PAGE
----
A statement by a medical source that a claimant is
disabled or unable to work does not mean that the Commissioner will determine that she is disabled. 20 C.F.R. § 404.1527(e)(1). The opinions of treating physicians are given substantial or considerable weight unless good cause is shown to the contrary. MacGregor v. Bowen, 786 F.2d 1050, 1053 (11th Cir. 1986). Good cause has been found to exist "where the doctor's opinion was not bolstered by the evidence, or where the evidence supported a contrary finding." Lewis v. Callahan, 125 F.3d 1436, 1440 (11th Cir. 1997). Good cause has also been found where the
doctors' opinions were conclusory or inconsistent with their own medical records. Id. On April 10, 2007, Dr. Giles found that it was highly unlikely that Plaintiff would ever be able to participate in any type of employment again. 7
However, the ALJ relied upon a vocational expert to determine Plaintiff's ability to work again and stated that "the decision of disability is reserved to the Commissioner." (R. 24). Plaintiff argues that the ALJ ignored evidence of fatigue and chronic pain when addressing the treating physician's opinion. A review of the ALJ's written decision reveals that the ALJ
afforded little weight to the opinion of Dr. Giles. (Id.) The ALJ afforded considerable weight, and articulated reasons for attributing significantly more weight, to the opinions and evaluations of Dr. Meck, an agency psychologist; Dr. Wallace, a board certified internist; and Plaintiff's physical therapist. The ALJ found that Dr. Meck's, Dr. Wallace's, and the physical therapist's evaluations were contrary to Dr. Giles' evaluations. (R. 25). Dr. Meck performed a three hour psychological exam and reported that Plaintiff never reported feeling fatigued and that her ability to work was fair. (Id.) Dr. Wallace performed an EKG and was unable to find evidence of a stroke or the source of Plaintiff's alleged chest pain or shortness of breath. (R. 24). Plaintiff's physical therapist reported that Plaintiff no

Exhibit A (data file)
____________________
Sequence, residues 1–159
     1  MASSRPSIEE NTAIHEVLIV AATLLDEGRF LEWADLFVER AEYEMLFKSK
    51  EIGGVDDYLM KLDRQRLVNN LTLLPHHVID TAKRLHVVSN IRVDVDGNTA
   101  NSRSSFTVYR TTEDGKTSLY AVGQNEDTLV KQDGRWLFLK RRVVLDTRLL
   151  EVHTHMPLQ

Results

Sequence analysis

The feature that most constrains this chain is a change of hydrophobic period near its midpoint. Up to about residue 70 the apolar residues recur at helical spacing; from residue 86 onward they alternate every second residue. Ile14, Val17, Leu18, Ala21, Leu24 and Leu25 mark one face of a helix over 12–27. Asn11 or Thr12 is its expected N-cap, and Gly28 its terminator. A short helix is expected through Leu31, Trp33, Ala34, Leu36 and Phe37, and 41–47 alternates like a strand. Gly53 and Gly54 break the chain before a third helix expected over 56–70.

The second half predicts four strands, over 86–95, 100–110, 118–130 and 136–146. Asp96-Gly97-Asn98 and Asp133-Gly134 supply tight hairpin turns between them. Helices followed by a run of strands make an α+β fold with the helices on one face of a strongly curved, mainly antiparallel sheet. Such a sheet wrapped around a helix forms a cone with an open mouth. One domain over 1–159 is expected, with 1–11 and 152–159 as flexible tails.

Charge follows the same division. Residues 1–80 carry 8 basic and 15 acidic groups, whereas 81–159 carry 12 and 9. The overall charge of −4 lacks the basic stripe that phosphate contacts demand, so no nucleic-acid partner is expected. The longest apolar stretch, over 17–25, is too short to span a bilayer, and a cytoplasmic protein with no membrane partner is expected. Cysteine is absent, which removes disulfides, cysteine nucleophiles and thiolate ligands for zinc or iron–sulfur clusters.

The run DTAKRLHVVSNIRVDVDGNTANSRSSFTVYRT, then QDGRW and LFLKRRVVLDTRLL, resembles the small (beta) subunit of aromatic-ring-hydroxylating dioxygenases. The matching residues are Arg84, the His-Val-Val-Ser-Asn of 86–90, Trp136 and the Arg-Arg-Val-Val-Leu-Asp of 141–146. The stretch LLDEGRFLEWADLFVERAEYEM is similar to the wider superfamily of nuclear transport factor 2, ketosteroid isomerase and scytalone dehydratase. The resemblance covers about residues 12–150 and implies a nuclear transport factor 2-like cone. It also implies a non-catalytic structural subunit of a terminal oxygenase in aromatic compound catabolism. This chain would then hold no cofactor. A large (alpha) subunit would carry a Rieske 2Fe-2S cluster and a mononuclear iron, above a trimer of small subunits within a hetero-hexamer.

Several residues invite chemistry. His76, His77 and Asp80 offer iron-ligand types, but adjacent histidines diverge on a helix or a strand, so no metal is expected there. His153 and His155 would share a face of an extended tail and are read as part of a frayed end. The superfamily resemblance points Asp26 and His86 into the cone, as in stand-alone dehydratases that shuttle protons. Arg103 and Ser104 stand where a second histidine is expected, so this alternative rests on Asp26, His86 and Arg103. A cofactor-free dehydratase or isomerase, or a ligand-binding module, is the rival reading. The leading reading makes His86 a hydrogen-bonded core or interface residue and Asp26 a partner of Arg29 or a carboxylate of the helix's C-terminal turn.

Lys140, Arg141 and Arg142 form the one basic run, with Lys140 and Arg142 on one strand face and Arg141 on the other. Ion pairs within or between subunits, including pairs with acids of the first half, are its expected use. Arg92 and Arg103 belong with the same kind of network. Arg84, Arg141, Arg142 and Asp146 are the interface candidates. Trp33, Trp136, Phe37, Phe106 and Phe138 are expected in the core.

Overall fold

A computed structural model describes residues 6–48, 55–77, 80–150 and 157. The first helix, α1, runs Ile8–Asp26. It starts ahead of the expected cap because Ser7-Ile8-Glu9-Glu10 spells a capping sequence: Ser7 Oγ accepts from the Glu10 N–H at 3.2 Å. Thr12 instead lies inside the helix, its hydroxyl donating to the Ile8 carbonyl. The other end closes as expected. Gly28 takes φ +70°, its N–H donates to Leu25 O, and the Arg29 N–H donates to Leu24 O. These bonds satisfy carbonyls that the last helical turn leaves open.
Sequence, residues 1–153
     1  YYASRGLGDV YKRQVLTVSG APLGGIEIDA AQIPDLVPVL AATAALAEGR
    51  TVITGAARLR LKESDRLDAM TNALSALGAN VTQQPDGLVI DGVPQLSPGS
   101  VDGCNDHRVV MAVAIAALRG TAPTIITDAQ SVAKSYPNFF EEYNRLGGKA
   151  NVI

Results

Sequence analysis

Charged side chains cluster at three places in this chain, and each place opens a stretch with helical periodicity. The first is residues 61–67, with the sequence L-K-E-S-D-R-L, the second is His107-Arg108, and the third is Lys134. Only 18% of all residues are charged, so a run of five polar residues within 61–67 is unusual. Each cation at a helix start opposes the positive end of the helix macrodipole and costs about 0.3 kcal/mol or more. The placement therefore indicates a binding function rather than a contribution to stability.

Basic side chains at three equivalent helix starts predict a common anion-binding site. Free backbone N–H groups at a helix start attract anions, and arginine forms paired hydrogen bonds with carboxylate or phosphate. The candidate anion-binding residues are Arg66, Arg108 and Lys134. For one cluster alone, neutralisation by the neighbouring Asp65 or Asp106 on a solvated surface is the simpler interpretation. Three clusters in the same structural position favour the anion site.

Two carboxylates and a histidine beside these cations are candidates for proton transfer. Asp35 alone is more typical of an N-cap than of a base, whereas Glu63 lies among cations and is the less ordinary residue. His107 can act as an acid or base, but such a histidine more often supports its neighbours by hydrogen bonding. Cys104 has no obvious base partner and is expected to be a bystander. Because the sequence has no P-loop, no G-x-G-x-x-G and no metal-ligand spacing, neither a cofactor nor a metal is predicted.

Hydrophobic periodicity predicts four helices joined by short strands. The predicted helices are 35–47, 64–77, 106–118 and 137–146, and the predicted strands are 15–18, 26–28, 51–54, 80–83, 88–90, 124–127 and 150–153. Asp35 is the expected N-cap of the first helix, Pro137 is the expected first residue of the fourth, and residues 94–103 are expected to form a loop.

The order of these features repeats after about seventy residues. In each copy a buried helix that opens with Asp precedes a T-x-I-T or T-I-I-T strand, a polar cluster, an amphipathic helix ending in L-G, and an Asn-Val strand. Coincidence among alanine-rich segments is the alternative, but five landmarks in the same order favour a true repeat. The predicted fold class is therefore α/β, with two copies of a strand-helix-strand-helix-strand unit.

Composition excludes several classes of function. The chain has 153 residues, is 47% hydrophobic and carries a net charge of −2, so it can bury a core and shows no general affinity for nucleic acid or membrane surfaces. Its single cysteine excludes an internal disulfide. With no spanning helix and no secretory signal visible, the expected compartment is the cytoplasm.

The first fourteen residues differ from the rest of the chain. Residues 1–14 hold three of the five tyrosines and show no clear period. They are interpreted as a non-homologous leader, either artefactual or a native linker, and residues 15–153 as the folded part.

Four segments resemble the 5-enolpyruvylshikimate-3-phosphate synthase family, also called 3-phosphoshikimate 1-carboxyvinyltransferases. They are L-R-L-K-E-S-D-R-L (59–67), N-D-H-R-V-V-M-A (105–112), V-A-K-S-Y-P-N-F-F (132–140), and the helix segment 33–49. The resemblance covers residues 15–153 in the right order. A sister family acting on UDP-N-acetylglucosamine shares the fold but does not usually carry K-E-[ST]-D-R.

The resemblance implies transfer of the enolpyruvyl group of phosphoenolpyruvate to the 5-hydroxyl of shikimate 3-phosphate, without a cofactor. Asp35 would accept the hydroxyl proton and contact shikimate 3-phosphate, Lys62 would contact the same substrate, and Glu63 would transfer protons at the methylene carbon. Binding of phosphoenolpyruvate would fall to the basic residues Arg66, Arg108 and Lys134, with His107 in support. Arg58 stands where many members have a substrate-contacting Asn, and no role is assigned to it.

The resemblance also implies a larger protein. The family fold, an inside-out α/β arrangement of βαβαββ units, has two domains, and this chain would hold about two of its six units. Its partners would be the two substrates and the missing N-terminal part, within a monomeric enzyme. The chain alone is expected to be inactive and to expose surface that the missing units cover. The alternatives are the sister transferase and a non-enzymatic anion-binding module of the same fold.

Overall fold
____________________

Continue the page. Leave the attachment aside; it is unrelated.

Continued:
longer felt pain and achieved her therapy goals and was therefore discharged from physical therapy. (R. 24). The ALJ also relied on the physical therapist's opinion that Plaintiff would continue to improve if she adhered to her home exercise program. (R. 23). In addition, the ALJ considered evidence of X-rays and an MRI, all of which returned negative 8
results concerning Plaintiff's complaints.
The ALJ determined that the only medically determinable causes for Plaintiff's pain were TMJ and Dr. Wallace's report of joint pain attributed to arthritis. (R. 25). The ALJ noted that Plaintiff's symptoms could not be attributed to medically determinable causes, but rather to mental or emotional causes. (Id.) Therefore, the ALJ determined that the treating physician's opinion was not bolstered by the evidence and that the combined evidence of other physicians supported a contrary finding. Plaintiff also contends that the ALJ failed to seek additional evidence from Dr. Giles when the ALJ relied upon Dr. Giles's lack of specificity regarding Plaintiff's limited ability to perform exertional and non-exertional functions. (Doc. 12 at 13). When the evidence from the treating physician does not contain all the necessary information the ALJ is directed to seek additional evidence or clarification before finding the claimant not disabled. 20 C.F.R. § 404.1512(e)(1). However, an ALJ is not obligated to contact a treating physician where the evidence of record is adequate to determine whether an individual is disabled and does not contain a conflict or ambiguity that had to be resolved. 20 C.F.R. § 416.927(c)(3). The ALJ The ALJ reviewed X-ray results taken on August 16, 2004, in which Plaintiff complained of chest, lower back, and hip pain. The results were all negative. The ALJ also considered an MRI, conducted because an alleged stroke, which showed no evidence of a stroke and returned normal results. The ALJ also evaluated an X-ray of Plaintiff's hands taken on July, 26, 2005, which showed no evidence of advanced degenerative or arthritic changes in her hands. (R. 24). 9
found that "fortunately there is enough medical evidence to make a determination." (R. 24). The ALJ then described specific findings that led to his conclusion that there was enough evidence to make a determination. (Id.) He discussed Dr. Meck's evaluations directly and addressed the lack of fatigue complaints to Dr. Giles. (Id. at 25). The ALJ also considered Dr. Wallace's and the physical therapist's reports in his determination that the evidence in the entire record was adequate to determine that Plaintiff is not disabled. The Court finds that the ALJ's decision to afford little weight to Dr. Giles' opinion is supported by substantial evidence. The ALJ pointed to specific reasons for assigning little weight to Dr. Giles' opinion, most importantly, that there were contrary evaluations and that Dr. Giles' opinion is not based on any objective medical findings, but rather Plaintiff's subjective complaints. (R. 25). Furthermore, the Court finds that the ALJ correctly addressed the issue of seeking additional evidence or clarification before finding Plaintiff not disabled. (2) Residual Functional Capacity Plaintiff contends that the ALJ failed to consider all of her physical impairments and improperly discounted her pain and mental impairments when assessing her RFC. The determination of RFC is an administrative assessment based on all the evidence of how a claimant's impairments and related symptoms affect her ability to perform work related activities. 10